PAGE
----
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Taking Sides in PeacekeepingImpartiality and the Future of the United Nations$
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Emily Paddon Rhoads

Print publication date: 2016

Print ISBN-13: 9780198747246

Published to Oxford Scholarship Online: June 2016

DOI: 10.1093/acprof:oso/9780198747246.001.0001

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The Effects of Assertive Impartiality in the Congo

The Effects of Assertive Impartiality in the Congo

Chapter:
(p.172) 5 The Effects of Assertive Impartiality in the Congo
Source:
Taking Sides in Peacekeeping
Author(s):

Emily Paddon Rhoads

Publisher:
Oxford University Press
DOI:10.1093/acprof:oso/9780198747246.003.0006

The penultimate chapter examines the effects of assertive impartiality on four specific sets of actors: civilians, armed groups, the state, and the UN mission itself. It reveals how the robust role prescribed for peacekeepers raised expectations and created incentives for local actors, engendering behaviour that would not have occurred otherwise. These effects, in turn, negatively impacted the mission and deepened perceptions that the UN was partial. Despite these consequences, the Security Council’s response to policy failure in the Congo, time and time again, was to scale up the mission’s mandated ‘robustness’, which in turn only further tarnished its credibility and leverage to act as a broker of peace. The chapter argues that in the absence of consensus over strategy to resolve Congo’s conflict, without a willingness by member states to commit the necessary political capital and resources, assertive impartiality offered merely the illusion of constructive and active engagement.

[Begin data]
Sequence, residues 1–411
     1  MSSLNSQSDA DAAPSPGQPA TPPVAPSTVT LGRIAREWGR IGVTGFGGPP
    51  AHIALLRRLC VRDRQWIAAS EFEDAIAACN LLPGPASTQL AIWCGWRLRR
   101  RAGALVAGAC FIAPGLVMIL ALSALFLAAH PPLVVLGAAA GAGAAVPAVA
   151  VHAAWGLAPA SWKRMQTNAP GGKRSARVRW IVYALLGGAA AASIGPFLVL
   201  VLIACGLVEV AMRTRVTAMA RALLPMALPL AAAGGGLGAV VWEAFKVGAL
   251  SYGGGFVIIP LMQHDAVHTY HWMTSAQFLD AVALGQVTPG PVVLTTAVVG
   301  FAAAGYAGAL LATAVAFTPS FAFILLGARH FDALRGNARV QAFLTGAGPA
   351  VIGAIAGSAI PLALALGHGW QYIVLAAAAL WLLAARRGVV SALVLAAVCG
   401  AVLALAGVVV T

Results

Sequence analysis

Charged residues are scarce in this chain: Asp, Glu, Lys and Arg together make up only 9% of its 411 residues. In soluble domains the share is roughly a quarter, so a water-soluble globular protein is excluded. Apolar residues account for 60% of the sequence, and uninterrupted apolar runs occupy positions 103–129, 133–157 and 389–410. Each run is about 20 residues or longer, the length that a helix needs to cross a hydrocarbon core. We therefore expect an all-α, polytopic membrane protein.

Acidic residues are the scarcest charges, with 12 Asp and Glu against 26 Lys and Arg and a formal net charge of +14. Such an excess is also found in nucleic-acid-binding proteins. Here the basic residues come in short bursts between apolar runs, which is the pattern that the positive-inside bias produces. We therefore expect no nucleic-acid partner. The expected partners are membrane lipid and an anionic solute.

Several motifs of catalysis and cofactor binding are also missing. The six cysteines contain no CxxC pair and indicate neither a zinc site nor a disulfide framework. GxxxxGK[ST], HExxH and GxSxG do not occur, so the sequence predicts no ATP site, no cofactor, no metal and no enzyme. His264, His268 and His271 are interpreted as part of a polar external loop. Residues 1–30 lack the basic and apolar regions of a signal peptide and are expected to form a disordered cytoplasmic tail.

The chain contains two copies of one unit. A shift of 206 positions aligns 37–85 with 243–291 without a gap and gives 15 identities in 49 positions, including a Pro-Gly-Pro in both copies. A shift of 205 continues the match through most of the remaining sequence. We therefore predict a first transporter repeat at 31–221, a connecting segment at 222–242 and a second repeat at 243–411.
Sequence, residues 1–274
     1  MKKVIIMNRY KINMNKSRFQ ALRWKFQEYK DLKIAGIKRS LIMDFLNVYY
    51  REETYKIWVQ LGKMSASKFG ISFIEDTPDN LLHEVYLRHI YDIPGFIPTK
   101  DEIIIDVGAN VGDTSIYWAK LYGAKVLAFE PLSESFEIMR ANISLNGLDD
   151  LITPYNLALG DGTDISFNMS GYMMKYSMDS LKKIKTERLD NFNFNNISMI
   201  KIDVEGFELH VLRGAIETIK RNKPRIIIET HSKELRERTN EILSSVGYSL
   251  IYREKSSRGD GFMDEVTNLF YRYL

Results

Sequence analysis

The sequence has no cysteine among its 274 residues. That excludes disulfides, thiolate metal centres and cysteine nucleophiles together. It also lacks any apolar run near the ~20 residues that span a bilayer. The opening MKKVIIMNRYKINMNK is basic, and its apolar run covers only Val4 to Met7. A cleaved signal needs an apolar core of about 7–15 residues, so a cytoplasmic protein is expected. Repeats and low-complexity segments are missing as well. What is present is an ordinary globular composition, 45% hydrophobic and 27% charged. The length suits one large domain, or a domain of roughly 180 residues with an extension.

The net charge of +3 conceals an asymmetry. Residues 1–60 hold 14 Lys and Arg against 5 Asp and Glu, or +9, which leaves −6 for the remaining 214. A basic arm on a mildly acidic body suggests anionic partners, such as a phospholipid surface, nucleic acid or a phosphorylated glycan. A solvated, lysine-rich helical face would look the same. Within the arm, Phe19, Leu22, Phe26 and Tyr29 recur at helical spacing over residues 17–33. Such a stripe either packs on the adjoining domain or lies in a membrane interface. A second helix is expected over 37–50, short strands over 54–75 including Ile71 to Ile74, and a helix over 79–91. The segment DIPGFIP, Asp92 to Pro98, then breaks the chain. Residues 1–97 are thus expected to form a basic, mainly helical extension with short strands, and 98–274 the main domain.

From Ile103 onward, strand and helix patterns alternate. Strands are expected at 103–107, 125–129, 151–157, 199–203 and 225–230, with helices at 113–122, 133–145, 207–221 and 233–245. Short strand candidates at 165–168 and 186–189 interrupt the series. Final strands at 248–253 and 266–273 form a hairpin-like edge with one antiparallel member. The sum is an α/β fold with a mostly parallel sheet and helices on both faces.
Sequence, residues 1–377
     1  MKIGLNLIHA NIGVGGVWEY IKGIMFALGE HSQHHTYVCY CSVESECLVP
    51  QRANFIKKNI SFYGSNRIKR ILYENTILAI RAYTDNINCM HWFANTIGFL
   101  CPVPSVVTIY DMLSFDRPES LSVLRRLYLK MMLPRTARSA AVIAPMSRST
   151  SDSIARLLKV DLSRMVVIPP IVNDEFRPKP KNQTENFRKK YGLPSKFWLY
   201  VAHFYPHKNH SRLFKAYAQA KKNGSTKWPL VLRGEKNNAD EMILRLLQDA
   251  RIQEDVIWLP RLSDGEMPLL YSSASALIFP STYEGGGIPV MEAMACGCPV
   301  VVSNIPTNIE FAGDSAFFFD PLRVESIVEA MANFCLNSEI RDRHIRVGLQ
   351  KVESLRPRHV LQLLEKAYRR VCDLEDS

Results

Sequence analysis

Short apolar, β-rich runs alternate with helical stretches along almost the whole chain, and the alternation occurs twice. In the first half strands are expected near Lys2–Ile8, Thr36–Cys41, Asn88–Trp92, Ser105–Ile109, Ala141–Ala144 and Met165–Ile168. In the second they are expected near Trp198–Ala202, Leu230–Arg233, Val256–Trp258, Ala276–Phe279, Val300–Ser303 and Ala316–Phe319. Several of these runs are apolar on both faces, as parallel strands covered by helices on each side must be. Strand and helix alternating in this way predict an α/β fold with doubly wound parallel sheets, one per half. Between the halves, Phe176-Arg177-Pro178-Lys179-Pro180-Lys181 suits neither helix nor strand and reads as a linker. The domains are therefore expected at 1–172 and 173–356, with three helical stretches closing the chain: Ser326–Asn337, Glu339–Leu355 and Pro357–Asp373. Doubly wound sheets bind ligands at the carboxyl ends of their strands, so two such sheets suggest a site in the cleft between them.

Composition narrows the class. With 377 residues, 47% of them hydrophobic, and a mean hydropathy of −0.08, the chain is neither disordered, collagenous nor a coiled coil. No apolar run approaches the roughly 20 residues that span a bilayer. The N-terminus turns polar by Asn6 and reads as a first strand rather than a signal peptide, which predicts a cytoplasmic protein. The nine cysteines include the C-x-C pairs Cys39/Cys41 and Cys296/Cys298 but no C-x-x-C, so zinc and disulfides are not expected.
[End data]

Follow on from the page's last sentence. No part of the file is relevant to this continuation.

Keywords:   peacekeeping, protection, Democratic Republic of the Congo, unintended consequences, legitimization, de-legitimization

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